As an “official local character” he was targeted by hooligans (my word) who broke into his home and stole some of his precious objects. Later, in 1917, an injury to one of his feet became gangrenous and had to be amputated.  One can only imagine what this lonely man had to go through.  A couple of years before, he moved from his home to another cabin located eight miles east of town out on the Jagoe farm.  One bitter cold night, on January 18, 1918,  the cabin caught fire. Neighbors found the structure in flames and made a search for him, but it wasn’t until the following day that the Sheriff found his body buried beneath the remains of the fallen chimney.

The tale should end there, but it doesn’t because of another story which was done about John and other “Peculiar Characters” in 1954. The editor of the DRC at that time decided to rerun the same story from 1925, but he spiced up the wording and added more details which came from another set of “old-timers” (“sons of the old-timers”?).  Anyway, these men described John as a “tall gaunt man whose long, straight hair proved his Indian blood.” This “newer” modern story was both vile and racist. It targeted the weakest and most unfortunate members of the community who it was suggested, were freaks.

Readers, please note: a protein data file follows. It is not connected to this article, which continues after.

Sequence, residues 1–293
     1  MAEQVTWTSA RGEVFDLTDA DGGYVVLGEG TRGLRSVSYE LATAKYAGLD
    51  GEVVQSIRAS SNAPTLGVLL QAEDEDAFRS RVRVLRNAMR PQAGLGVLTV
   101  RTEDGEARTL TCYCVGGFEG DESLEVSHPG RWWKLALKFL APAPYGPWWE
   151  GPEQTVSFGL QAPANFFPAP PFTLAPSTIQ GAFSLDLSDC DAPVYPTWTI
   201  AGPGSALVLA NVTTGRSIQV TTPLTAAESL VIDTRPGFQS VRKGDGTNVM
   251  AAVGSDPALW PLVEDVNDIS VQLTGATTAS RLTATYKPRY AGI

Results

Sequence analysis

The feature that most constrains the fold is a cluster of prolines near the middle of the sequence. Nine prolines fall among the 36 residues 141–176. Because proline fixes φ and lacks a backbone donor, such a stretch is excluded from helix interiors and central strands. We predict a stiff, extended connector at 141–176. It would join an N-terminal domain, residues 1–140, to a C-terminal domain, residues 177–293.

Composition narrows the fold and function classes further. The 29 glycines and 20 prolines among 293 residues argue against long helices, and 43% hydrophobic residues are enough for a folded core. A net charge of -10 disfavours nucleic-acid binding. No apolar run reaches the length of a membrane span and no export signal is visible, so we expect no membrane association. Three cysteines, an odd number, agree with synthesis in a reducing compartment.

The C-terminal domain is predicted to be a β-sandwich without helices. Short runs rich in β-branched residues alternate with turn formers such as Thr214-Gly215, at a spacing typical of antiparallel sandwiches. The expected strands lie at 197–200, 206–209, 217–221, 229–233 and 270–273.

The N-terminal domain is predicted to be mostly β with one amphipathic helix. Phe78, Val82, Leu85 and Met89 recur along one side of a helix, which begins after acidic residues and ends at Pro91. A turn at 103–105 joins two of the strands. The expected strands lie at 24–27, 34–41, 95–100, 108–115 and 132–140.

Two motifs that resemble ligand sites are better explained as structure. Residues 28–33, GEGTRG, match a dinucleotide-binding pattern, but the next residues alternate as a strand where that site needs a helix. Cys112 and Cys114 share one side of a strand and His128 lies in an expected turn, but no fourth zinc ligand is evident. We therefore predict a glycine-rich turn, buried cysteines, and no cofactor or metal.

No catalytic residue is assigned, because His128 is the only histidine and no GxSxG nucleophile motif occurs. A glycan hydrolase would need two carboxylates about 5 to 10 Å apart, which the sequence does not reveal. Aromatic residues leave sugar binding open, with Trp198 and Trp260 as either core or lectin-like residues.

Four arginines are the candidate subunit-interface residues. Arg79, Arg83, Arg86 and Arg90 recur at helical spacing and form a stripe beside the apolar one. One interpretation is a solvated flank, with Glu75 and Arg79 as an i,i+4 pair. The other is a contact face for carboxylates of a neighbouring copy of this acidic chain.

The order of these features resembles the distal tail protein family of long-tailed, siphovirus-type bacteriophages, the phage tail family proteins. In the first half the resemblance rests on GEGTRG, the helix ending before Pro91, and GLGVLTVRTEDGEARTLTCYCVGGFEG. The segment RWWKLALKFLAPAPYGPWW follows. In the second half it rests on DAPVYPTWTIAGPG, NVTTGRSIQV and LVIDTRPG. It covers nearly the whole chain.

What a lack of imagination (to say the very least).

John Dunn in Field

John Dunn, standing in a field near his home on E. McKinney Street. – Photo, Denton Public Library

I find myself thinking about that 1954 description of John and then looked at the photos above, but gol-darn it, they just aren’t clear enough! I picture some college students sneaking out and taking the unposed photos of this private man and sharing them with their friends. Who was he really?

It has been suggested by one of my co-workers that maybe John’s mother was one of the Cherokee or Chickasaw Freedman (someone of Indian and African American ancestry).  That could explain the odd clothes, the bones, and perhaps the storytelling.  As for his father, there is too much to speculate.